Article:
[abstract] 10,000 DIVES: A REVIEW OF INSIDE ATTENDANT DECOMPRESSION EVENTS IN A MULTIPLACE HYPERBARIC CHAMBER.

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[abstract] 10,000 DIVES: A REVIEW OF INSIDE ATTENDANT DECOMPRESSION EVENTS IN A MULTIPLACE HYPERBARIC CHAMBER.

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dc.contributor.author Pontani, BA
dc.contributor.author Alexander, K
dc.contributor.author Geiger, J
dc.contributor.author Williams, RL
dc.date.accessioned 2007-12-18T20:30:43Z
dc.date.available 2007-12-18T20:30:43Z
dc.date.issued 2007
dc.identifier.uri http://archive.rubicon-foundation.org/5156
dc.description Abstract of the Undersea and Hyperbaric Medical Society, Inc. Annual Scientific Meeting held June 14-16, 2007. Ritz-Carlton Kapalua Maui, Hawaii (http:www.uhms.org) en
dc.description.abstract BACKGROUND: The issue of attendant staff safety in the multiplace hyperbaric environment is of paramount importance. The Southeast Texas Hyperbaric Medicine Center opened in 1991 with a Reimer’s Multiplace Hyperbaric Chamber. We reached 10,000 Hyperbaric treatments in July 2005. A review of all attendant staff events was undertaken to evaluate our safety record and decompression protocols. MATERIALS AND METHODS: A comprehensive review of the logbooks for all of the hyperbaric treatments performed at SETX HMC was undertaken. All events that involved attendant staff and subsequent treatment were reviewed. Medical records were reviewed when available. RESULTS: A total of 10028 treatments were reviewed (carried through July 2005 for ease of data tabulation). 1829 hyperbaric treatments took place between 1992 and 1993. 15 hyperbaric staff decompression events were documented: 4 in 1992, 7 in 1993, 1 in 1994, 1 in 1996, 1 in 1997, and 1 in 2000. 3 events were suffered by one technician, who had offshore professional diving experience, 2 events were suffered by another technician who had USN diving experience, and 2 events were suffered by one RN with scuba experience. Of the other eight attendant events, 3 had previous diving experience, while 5 did not. Modified attendant decompression protocols and predive assessment of inside attendants, increased training dives, and adjustment of work schedules were instituted at the end of 1993. CONCLUSIONS: Most of the events occurred during the early years and at a time of rapid increase in the size of our practice. Increasing the time on oxygen for decompression, reducing the workload of the inside attendants, increasing their education and experience, and increasing the knowledge and experience of the attending physicians has reduced our rate of occurrences to zero. en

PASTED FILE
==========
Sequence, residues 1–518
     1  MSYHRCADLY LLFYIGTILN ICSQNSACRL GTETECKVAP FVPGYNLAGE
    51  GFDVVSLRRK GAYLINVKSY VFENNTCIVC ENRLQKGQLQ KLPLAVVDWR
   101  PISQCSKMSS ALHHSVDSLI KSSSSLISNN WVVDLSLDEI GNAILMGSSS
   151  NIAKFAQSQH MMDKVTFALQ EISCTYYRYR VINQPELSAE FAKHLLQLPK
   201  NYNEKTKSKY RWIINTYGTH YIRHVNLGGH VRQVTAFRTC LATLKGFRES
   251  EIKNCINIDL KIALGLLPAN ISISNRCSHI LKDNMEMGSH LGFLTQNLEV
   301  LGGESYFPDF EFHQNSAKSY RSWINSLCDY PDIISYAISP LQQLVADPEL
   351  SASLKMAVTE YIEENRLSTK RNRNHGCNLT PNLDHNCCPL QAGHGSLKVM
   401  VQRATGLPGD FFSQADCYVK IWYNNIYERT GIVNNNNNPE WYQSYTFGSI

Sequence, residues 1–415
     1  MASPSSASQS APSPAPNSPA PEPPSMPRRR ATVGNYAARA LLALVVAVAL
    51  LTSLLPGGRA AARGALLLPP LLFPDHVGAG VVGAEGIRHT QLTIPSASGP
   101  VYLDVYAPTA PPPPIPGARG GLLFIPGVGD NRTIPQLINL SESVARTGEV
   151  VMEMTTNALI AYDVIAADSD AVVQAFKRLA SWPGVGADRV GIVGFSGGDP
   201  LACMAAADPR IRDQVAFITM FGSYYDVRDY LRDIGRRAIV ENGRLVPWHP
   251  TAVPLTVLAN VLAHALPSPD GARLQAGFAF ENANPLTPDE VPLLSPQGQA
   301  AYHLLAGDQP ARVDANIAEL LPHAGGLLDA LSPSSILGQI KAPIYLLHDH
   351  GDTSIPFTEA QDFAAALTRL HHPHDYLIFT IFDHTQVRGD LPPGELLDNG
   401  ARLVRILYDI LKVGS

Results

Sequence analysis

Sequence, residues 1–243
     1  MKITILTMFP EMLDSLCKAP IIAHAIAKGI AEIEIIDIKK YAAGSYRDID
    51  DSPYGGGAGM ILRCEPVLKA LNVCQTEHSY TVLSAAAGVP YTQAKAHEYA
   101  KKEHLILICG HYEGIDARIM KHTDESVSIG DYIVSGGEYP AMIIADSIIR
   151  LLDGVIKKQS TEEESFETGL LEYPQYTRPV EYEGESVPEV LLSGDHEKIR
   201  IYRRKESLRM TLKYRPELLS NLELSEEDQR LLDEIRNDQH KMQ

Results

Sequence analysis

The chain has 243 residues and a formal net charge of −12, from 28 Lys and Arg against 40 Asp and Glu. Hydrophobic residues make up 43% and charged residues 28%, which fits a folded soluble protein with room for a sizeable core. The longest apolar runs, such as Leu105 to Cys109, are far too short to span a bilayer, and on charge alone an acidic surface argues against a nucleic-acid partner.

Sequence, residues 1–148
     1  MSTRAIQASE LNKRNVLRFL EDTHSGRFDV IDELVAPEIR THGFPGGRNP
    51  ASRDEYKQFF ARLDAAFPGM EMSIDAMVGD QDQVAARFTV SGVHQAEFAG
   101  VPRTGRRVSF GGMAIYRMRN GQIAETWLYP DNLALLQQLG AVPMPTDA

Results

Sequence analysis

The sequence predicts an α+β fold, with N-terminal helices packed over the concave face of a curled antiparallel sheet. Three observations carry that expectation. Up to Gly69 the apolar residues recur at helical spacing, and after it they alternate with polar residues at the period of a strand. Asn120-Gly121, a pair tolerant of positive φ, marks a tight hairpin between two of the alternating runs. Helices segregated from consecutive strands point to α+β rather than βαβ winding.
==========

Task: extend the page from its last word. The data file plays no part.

dc.format.extent 259 bytes
dc.format.mimetype text/plain
dc.language.iso en en
dc.publisher Undersea and Hyperbaric Medical Society, Inc. en
dc.subject Decompression en
dc.subject HYPERBARIC CHAMBERS en
dc.subject Hyperbaric Conditions en
dc.subject Multiplace en
dc.subject staff en
dc.subject education en
dc.subject experience en
dc.subject attendant en
dc.title [abstract] 10,000 DIVES: A REVIEW OF INSIDE ATTENDANT DECOMPRESSION EVENTS IN A MULTIPLACE HYPERBARIC CHAMBER. en
dc.type Other en

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  • UHMS Meeting Abstracts
    This is a collection of the published abstracts from the Undersea and Hyperbaric Medical Society (UHMS) annual meetings.

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